The etymology of karyokinesis refers us to two words in the Greek language: káryon (which can be translated as “nucleus”) and kínēsis (a notion that refers to “movement”). The concept is used in the context of biology to refer to the process that causes the nucleus of a cell to divide.
According to DigoPaul, karyokinesis is part of mitosis: cell division that, after duplicating genetic information, generates new cells that have all the chromosomes.
Also called anfiastral mitosis or astral mitosis, karyokinesis occurs at the beginning of mitosis. In order for the genetic material found in the stem cell to be divided equally between two daughter cells, it is necessary for their nucleus to divide.
Once karyokinesis has taken place and there are two separate nuclei, cytokinesis takes place: the cytoplasm separates and two daughter cells are formed. When mitosis is completed in this way, two cells that are genetically identical have been produced. Asexual reproduction, the growth of a living being and the repair of tissues are carried out thanks to mitosis.
In addition to all the above, we have to establish another series of relevant data on karyokinesis. In this way, for example, we can state that it can be of two types. Thus, in the first place, it can be symmetric, which is a bipartition or binary fission, and in the second place it can be asymmetric. This can also respond to the budding name.
In the same way, it is really important to know that karyokinesis or cell division is carried out through a total of five phases:
-The prophase that consists of a chromosomal condensation, in the disappearance of the so-called nuclear envelope and in the formation of the spindle mitotic.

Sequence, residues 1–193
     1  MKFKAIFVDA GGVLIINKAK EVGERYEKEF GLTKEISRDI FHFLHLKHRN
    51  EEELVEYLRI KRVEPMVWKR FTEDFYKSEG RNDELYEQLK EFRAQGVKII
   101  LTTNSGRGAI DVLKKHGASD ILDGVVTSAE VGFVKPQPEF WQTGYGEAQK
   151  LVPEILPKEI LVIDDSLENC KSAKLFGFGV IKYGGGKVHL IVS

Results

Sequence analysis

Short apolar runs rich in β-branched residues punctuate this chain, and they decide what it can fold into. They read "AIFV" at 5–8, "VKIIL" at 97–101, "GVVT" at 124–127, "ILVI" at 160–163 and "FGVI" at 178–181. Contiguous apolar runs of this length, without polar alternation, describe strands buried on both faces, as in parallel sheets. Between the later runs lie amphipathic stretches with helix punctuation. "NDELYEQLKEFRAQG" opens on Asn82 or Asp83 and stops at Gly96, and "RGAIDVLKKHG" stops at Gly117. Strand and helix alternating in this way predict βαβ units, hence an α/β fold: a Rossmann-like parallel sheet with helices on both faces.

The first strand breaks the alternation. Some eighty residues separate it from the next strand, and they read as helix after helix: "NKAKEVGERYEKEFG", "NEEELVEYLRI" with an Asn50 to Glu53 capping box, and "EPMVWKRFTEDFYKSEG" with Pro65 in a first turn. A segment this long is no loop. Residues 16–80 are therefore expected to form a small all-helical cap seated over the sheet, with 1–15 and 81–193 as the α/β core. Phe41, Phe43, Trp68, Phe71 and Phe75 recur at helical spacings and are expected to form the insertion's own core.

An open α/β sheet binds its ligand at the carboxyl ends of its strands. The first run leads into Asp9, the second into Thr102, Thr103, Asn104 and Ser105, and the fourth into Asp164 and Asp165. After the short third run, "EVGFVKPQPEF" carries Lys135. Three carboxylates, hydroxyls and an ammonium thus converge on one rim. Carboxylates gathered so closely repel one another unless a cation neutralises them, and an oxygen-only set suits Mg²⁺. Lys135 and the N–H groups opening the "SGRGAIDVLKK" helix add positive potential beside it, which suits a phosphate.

-The prometaphase, which is the movement of chromosomes. Where? For what is known as a mitotic spindle.
-The metaphase, which is characterized by being the moment of karyokinesis in which the chromosomes are in the so-called equatorial plane. But not only that, it must be established that those are linked by the centrometers to mitotic use.
-Anaphase, which is the stage that occurs when the division of the aforementioned centrometers occurs. Specifically, what happens in this phase is that the copies of the different chromosomes what they do is go towards the opposite poles of the cell.
-Telophase, which will allow obtaining two daughter cells. It is composed of cytokinesis, a chromosomal decondensation, the reappearance of the so-called nuclear turn and, finally, the disappearance of the mitotic spindle.
It should be noted that karyokinesis also develops in meiosis, which is another type of cell division. In this case, the resulting cells have half the chromosomes.
It can be said, in short, that karyokinesis implies a distribution or a distribution of the nuclear material of a cell, which develops within the framework of cell division.